The American Dream in ''All My Sons'' by Arthur Miller

Topics: All My Sons, Seven deadly sins, James Truslow Adams Pages: 5 (1627 words) Published: October 16, 2012
How does Arthur Miller show that the American Dream has become perverted in ‘All my Sons’´? Do you think Miller is totally against the concept? Or just what it had become in his time?

“Seven Deadly Sins:
Wealth without work
Pleasure without conscience
Science without humanity
Knowledge without character
Politics without principle
Commerce without morality
Worship without sacrifice.”

Mahatma Gandhi

‘The social, economical and educational equal rights for all citizens’. The previous line summarizes the definition people give of what they understand as the American Dream. According to the Oxford Dictionary, the American Dream corresponds to ‘the ideal by which equality of opportunity is available to any American, allowing the highest aspirations and goals to be achieved’. Many people in the United States of America, where the term was invented during the 30’s, are looking after the American Dream. It has become the aspiration of many, even to people from other countries. Nowadays, the term is as inspirational as controversial, since the opportunities become harder to get day by day. The truth is that, even though the American Dream is harder to achieve, it encourages people to achieve what they want. As some may see it, the problem is not the American Dream itself but the way in which each person achieves it. Sometimes people forget their values and principles while pursuing their dream and that is the problem. And this is exactly what happens with Joe Keller, one of the main characters in Arthur Miller’s play ‘All my Sons’. Keller proves throughout the play how perverted a man can become when his ambitions are more important than his morality and values.

At the beginning of the play, Miller’s starts describing the house in which the Keller’s live. The author gives some important details in order to show the reader that the Keller’s are actually living the American Dream. In the first two paragraphs, the readers are able to know things such as the location, which corresponds to ‘the outskirts of an American town’ (Miller, Act 1, Page 3), the size of the house, which is ‘two stories high’ (Miller, Act 1, Page 3), and the cost of the property, which may ‘have cost fifteen thousand in the early twenties’ (Miller, Act 1, Page 3). With this, the author is telling the readers how wealthy this family is. Then, Miller continues with a quick description of some of the characters, and there is when some aspects about Joe Keller’s personality arise. The author tells us that Keller is a ‘man of stolid mind’ and ‘uneducated’ (Miller, Act 1, Page 3). As the play starts, the author shows Joe Keller commenting on the want ads he is reading on the newspaper with one of his neighbours. After a couple of lines and after reading some unusual occupations, Keller says that in his days ‘either you were a lawyer, or a doctor or you worked in a shop’ (Miller, Act 1, Page 5). Since Joe Keller was neither a professional nor he worked in a shop, one inmediately infer that Keller had to work really hard in order to achieving the American Dream, and together with this extra effort ambitions and mistakes also become bigger. By the end of chapter two, the truth is out and the reader finally finds out that Keller was the responsible for the death of the 21 pilots and, more importantly, that he did it on purpose. Keller says to Chris that he had shipped the faulty parts ‘for you, a business for you’ (Miller, Act 2, Page 78) as a way of justifying his actions. According to the previous line, the readers notice that Keller’s American Dream centred in economic success only. Consequently, Miller points out how this persistent pursuing of money lead Keller to lose his sense of morality and his values, and by this, he loses everything in the end. Commerce without morality was Joe Keller’s deadly sin in this case.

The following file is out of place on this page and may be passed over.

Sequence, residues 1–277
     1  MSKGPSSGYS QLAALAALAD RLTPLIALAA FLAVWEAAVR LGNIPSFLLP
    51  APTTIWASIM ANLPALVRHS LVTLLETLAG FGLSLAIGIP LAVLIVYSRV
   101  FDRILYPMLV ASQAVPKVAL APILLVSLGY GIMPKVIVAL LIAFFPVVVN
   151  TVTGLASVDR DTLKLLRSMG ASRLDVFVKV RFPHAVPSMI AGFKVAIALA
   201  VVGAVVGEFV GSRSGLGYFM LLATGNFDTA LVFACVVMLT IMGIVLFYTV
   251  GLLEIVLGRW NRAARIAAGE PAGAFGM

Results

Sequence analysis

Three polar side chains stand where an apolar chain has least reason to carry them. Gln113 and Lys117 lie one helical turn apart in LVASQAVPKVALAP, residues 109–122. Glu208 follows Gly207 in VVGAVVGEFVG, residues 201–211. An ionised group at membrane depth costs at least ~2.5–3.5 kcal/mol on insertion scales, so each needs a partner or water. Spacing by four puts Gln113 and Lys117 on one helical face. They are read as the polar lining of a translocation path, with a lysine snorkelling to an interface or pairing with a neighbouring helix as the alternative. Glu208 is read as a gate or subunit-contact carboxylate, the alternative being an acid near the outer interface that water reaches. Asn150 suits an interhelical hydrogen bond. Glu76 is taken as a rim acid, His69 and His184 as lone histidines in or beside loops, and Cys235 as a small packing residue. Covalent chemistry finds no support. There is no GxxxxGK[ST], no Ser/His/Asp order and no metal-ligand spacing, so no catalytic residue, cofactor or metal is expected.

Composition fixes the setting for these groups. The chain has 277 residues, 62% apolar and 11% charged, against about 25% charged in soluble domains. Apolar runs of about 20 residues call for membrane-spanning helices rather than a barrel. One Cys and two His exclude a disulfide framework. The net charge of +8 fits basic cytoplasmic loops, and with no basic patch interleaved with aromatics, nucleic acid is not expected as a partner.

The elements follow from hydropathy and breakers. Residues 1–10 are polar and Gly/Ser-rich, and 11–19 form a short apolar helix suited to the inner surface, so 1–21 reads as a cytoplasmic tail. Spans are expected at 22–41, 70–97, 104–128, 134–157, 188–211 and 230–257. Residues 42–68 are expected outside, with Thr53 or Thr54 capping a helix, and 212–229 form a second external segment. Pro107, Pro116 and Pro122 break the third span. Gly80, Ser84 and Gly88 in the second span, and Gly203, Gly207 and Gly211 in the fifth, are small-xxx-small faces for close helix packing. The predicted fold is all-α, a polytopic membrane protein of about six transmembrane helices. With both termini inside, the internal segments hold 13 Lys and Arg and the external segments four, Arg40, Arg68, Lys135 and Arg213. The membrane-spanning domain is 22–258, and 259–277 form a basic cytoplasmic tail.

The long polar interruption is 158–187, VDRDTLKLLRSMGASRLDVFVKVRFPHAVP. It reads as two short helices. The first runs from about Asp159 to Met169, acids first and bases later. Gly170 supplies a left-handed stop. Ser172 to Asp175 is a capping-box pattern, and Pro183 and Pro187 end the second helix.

The main goal in Joe Keller’s American Dream was, in the first place, to become the owner of a factory, and secondly, to have a...
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